Médecins Sans Frontières

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Médecins Sans Frontières (MSF) (pronounced [medəsɛ̃ sɑ̃ fʁɔ̃tjɛʁ]  ( listen)), or Doctors Without Borders, is a secular humanitarian-aid non-governmental organization best known for its projects in war-torn regions and developing countries facing endemic diseases. The organization is known in most of the world by its French name or simply as MSF, but in Canada, Ireland and the United States the name Doctors Without Borders is also used. In 2007 over 26,000, mostly local, doctors, nurses and other medical professionals, logistical experts, water and sanitation engineers and administrators provided medical aid in over 60 countries. Private donors provide about 85% of the organization's funding, while governmental and corporate donations provide the rest, giving MSF an annual budget of approximately US$400 million.[1]

Médecins Sans Frontières was created in 1971 by a small group of French doctors and journalists in the aftermath of the Biafra secession, who believed that all people have the right to medical care regardless of race, religion, creed or political affiliation, and that the needs of these people outweigh respect for national borders.[2]

Core documents outlining MSF's principles are the Charter[3] and the Chantilly Principles, along with the later La Mancha Agreement,[4] which in Rules, Section 2 addresses governance. MSF has an associative structure, where operational decisions are made, largely independently, by the 5 operational centres (Amsterdam, Barcelona-Athens, Brussels, Geneva and Paris). Common policies on core issues are coordinated by the International Council, in which each of the 19 sections (national offices) is represented. The International Council meets in Geneva, Switzerland, where the International Office, which coordinates international activities common to the operational centres, is also based.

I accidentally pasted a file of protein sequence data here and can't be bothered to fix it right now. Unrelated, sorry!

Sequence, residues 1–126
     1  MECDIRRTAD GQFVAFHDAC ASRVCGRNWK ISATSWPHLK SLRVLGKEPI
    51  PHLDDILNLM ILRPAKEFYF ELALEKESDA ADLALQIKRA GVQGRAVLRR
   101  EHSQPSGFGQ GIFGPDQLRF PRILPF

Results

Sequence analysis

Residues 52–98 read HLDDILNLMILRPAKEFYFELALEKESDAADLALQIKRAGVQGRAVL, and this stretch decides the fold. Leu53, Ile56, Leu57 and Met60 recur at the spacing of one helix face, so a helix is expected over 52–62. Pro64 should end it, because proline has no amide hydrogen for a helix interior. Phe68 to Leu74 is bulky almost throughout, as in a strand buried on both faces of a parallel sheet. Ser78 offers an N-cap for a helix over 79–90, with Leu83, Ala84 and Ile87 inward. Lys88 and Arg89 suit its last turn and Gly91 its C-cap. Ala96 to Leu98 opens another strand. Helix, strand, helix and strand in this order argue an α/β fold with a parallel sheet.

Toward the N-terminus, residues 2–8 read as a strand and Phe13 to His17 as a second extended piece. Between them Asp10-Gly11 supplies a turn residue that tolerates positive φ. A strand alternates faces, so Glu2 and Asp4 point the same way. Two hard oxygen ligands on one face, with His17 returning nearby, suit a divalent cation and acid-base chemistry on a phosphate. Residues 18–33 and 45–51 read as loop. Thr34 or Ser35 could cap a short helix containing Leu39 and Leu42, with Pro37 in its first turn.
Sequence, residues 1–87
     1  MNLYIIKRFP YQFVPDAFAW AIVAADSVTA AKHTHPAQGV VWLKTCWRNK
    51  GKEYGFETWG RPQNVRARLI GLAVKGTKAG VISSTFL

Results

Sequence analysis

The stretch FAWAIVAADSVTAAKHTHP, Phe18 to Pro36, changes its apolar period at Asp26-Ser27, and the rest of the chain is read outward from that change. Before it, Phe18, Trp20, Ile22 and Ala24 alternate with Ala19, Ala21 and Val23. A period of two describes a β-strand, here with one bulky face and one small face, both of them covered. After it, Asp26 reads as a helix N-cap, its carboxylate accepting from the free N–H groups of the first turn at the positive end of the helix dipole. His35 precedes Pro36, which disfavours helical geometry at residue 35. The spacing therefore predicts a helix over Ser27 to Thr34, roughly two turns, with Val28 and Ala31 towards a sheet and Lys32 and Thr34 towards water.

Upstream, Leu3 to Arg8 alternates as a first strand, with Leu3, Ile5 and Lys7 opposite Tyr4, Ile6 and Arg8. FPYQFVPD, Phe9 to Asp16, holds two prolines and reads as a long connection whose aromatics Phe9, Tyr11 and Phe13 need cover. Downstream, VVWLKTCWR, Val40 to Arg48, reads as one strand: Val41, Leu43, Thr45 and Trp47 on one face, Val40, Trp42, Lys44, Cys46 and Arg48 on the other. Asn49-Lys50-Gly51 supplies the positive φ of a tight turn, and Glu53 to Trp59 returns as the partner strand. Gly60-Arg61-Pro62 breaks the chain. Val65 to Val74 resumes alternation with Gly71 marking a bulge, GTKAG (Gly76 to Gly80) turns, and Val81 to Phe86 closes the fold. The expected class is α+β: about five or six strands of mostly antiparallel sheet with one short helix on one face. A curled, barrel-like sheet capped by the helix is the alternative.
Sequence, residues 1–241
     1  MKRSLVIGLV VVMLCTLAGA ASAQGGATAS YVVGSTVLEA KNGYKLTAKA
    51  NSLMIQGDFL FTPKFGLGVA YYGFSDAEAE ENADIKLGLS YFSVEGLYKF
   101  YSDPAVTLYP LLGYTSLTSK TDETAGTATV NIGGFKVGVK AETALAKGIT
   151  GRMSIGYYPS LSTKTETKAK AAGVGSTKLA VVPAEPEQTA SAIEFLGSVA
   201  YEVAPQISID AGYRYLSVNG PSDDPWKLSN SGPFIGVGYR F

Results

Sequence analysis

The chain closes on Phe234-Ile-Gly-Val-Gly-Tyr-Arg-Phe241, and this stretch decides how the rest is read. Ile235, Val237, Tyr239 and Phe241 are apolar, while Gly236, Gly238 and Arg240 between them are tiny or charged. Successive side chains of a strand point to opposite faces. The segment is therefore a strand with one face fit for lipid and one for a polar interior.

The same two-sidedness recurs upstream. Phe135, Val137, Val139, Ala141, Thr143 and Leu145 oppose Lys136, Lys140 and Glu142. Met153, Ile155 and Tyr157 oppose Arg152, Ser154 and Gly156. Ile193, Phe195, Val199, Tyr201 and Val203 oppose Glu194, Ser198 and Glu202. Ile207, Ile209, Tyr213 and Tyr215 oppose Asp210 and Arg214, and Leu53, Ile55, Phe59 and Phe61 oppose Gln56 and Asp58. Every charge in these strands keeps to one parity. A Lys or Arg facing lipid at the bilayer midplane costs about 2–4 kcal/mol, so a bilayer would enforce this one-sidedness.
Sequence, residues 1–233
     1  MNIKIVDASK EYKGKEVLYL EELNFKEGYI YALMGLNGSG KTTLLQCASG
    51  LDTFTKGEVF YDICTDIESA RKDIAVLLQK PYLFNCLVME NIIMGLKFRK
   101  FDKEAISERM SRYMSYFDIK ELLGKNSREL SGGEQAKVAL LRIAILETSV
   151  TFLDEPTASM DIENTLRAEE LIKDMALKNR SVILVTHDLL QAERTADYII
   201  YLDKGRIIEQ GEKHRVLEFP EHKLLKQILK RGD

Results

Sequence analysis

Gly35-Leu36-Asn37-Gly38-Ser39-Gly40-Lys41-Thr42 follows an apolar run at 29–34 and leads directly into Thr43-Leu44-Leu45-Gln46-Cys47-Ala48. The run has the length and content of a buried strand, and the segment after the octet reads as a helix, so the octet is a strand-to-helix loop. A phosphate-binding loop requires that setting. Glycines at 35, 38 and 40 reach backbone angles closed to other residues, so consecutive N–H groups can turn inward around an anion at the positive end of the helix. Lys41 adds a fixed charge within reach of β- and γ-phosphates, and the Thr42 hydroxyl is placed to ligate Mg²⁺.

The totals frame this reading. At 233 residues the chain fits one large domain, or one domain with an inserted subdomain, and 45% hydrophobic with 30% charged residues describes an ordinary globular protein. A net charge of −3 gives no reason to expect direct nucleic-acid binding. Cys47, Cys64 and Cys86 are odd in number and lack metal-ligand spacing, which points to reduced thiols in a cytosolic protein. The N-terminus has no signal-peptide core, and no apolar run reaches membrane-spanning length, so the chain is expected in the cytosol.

The organization actively provides health care and medical training to populations in about 70 countries, and frequently insists on political responsibility in conflict zones such as Chechnya and Kosovo. Only once in its history, during the 1994 genocide in Rwanda, has the organisation called for military intervention. To be able to speak and act freely, MSF remains independent of any political, religious or economic powers. The majority of MSF activities are paid for with private donations.

MSF received the 1999 Nobel Peace Prize in recognition of its members' continuous effort to provide medical care in acute crises, as well as raising international awareness of potential humanitarian disasters.[5] Dr. James Orbinski, who was the president of the organization at the time, accepted the prize on behalf of MSF. Prior to this, MSF also received the 1996 Seoul Peace Prize.[6] The current president of MSF is Dr. Christophe Fournier.

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